Lessons From The Super Bowl Or How Not To Treat Your Attendees

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Super Bowl Ticket ProblemsDid you watch the Super Bowl this past weekend?  Even if your team didn’t play in the Super Bowl, you likely watched the game on TV.  And while you had a prime spot to watch it, some people who actually had tickets to the game weren’t so lucky.  The day of the event, local officials decided that some temporary seats erected weren’t safe.  That left 400 ticket holders without seats to the game.

Of course when something goes wrong like this, organizers are between a rock and a hard place.  When people pay over $800 per ticket and don’t get to use them, you will have some very unhappy customers.  That said, the NFL did some things right and missed the boat on other ways they handled the situation.

What can we learn from the NFL’s mistakes?

Problem: Poor Communication.

Guest complained that nobody knew where their seats were and that they spent several hours trying to find out where they were supposed to go.  When you have a public relations disaster in the making, rule number 1 is to communicate.  You have to explain what is happening, why it is happening and what you are doing to rectify the situation.  Nothing is as frustrating for an attendee as uncertainty.  Sometimes bad news is better than no news at all.

Lesson:  Make sure everyone on you team knows how to address the problem and the solution you are offering. Communicate it clearly and quickly to the affected parties.

Problem: Insufficient Attention.

Attendees without a seat were finally brought to a room with a television and they complained that they were treated like second class citizens.  Organizers had several hours warning. Enough time to arrange for food and beverage to be brought in, even though I am sure additional screens were in short supply.  When you pay more than $800 per ticket, you expect an experience.  Treat your attendees to an experience, even if it isn’t the one that they signed up for.

Lesson: Make sure your wronged attendees are treated like VIPs, instantly.  Roll out the red carpet and at least offer them some food & beverage.  It is amazing what a free drink can do to make people feel better.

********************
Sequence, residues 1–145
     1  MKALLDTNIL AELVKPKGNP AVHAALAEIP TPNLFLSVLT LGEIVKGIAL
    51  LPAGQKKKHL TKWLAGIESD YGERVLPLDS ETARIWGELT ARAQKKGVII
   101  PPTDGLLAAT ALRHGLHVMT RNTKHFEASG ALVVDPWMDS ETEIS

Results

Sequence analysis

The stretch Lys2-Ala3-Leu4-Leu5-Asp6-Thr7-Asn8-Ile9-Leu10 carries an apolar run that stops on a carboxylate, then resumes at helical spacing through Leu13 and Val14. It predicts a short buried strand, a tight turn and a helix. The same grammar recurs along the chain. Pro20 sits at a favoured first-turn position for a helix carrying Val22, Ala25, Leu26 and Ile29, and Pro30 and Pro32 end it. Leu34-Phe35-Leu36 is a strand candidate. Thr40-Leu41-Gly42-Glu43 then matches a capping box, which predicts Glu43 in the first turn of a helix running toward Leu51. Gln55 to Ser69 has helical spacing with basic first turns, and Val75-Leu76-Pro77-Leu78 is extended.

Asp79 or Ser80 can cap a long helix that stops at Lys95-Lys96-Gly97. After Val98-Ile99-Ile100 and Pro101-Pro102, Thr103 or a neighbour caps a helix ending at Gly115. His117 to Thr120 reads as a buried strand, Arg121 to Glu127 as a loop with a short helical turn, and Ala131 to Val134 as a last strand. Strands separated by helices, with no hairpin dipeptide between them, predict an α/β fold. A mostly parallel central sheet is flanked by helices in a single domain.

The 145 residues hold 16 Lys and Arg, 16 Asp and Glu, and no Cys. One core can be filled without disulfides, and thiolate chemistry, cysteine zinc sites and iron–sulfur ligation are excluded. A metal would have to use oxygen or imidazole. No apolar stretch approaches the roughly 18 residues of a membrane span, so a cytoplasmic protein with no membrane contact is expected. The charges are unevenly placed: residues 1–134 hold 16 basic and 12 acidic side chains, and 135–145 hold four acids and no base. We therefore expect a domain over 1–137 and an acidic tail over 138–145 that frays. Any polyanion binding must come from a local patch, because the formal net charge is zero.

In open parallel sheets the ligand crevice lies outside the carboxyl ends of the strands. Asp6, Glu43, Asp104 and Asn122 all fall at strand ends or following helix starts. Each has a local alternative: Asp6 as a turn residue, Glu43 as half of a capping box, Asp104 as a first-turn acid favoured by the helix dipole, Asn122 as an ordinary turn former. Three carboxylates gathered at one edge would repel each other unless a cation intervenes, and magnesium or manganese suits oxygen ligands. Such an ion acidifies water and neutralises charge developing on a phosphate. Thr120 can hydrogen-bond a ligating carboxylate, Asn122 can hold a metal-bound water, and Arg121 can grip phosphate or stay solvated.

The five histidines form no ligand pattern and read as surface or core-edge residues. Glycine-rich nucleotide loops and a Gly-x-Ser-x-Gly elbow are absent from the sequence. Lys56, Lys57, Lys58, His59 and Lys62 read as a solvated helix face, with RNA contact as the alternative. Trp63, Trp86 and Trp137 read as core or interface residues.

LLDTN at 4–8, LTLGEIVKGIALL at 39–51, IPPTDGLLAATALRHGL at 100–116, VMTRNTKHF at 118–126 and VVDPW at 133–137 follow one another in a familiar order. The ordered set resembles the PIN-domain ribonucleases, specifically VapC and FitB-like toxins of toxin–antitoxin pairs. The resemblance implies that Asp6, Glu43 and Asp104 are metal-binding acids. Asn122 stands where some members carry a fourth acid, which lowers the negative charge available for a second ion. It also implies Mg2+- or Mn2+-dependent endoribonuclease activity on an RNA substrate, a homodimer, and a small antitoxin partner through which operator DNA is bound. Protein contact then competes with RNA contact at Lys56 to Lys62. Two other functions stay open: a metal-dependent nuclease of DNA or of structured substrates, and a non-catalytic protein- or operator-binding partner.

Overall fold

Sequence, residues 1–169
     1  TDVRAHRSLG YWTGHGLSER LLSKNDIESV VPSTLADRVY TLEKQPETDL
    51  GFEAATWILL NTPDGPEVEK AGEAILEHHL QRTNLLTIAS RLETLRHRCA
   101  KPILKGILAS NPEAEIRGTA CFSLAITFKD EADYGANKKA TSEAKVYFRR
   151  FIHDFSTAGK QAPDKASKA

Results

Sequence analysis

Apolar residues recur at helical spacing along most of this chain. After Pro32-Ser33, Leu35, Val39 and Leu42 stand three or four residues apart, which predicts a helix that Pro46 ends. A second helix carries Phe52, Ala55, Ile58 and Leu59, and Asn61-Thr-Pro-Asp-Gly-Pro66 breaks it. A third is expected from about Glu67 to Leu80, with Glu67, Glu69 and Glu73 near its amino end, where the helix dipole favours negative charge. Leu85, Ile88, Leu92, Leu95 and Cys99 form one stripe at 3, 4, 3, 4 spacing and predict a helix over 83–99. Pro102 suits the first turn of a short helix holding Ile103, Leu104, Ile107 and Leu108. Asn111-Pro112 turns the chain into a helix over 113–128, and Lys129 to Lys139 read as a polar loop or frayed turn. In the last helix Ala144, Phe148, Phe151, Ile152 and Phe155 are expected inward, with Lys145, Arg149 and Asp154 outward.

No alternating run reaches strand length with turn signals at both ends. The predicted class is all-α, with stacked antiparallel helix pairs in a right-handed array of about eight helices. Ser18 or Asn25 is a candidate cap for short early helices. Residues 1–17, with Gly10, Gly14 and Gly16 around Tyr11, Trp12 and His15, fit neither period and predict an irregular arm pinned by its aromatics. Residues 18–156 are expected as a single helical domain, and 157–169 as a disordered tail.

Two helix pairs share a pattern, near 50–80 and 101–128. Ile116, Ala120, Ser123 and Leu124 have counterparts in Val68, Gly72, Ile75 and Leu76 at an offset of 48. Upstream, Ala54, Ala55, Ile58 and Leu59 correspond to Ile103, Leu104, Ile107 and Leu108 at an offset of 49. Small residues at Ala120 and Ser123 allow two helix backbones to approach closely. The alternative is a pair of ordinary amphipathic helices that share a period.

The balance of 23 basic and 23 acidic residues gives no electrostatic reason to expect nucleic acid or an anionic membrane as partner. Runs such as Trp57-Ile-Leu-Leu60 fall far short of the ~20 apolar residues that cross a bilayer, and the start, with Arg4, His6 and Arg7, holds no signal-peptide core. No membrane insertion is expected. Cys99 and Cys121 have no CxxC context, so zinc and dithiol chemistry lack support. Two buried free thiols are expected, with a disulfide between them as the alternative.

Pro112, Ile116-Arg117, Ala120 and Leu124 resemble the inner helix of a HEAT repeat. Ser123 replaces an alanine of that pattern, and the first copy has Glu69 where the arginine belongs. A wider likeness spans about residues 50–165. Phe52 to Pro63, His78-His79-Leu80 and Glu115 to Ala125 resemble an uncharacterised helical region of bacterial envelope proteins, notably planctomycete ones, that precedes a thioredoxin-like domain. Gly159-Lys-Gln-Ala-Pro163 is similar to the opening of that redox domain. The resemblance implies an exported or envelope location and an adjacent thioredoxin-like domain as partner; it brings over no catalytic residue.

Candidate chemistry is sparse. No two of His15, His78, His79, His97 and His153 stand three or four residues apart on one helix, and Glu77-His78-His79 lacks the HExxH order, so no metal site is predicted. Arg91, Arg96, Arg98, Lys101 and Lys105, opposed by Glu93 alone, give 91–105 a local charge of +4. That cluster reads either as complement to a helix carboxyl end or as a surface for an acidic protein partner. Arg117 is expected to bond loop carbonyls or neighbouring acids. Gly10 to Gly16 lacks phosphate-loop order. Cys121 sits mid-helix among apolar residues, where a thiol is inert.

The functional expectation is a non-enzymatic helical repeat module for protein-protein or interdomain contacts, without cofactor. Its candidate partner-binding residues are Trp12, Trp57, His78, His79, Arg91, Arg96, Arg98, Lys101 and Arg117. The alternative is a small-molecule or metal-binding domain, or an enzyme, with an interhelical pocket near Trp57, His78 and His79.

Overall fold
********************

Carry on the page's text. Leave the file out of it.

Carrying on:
Problem: Insufficient Compensation.

While promises of compensation can never make the situation whole again, it will go a long way.  The NFL actually did this right.  The NFL is offering three times the face value of more than $800 per ticket and is paying all expenses for guests to come to next year’s Super Bowl in Indianapolis.  The question is if it is enough?  Attendees who follow their team to the Super Bowl pay in most instances much more than the face value of the ticket.  Factor in travel and hotel expenses and you are in the hole much more than the $2,400 the NFL is offering.  And while an all expense paid trip to next year’s Super Bowl is nice, chances are that your team won’t be playing in the big game next year.

Lesson: Compensate for more than the ticket.  Pay travel expenses and give them an opportunity for a free event with you where you can show them how you would like to your seminar to run.  Also throw in some bonuses, like a free product or consultation.

The chances are very small that you will ever have to deal with 400 people that you can’t accommodate at your event.  And if you do, you should know well in advance and be able to plan for it.  However, whenever something goes sideways, have a plan in place to communicate what you will do about the problem. Treat your attendees like VIPs and compensate them for their troubles.  When you do these three things, you may just be able to turn an unhappy guest into a raving fan.

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Daphne Bousquet, CMP

Daphne Bousquet, CMP

For more strategies to make your workshops and seminars more profitable, you’ll want to pick up a copy of the free report "Three Simple Secrets To Making 10K In A Day With Small Workshops." Daphne Bousquet uses her 20+ years of event industry experience to create profitable event strategies and marketing for coaches, entrepreneurs, speakers and self employed professionals that want to grow their businesses with workshops and seminars. She is the creator of the Butts In Seats Virtual Boot Camp, a unique digital course that teaches you how to fill your events with your ideal audience.
Daphne Bousquet, CMP
Daphne Bousquet, CMP
Daphne Bousquet, CMP


  1. […] This post was mentioned on Twitter by Tahira Endean, Jenise Fryatt. Jenise Fryatt said: Lessons from the Super Bowl or how NOT to treat your attendees http://ht.ly/3SJ93 #eventprofs […]

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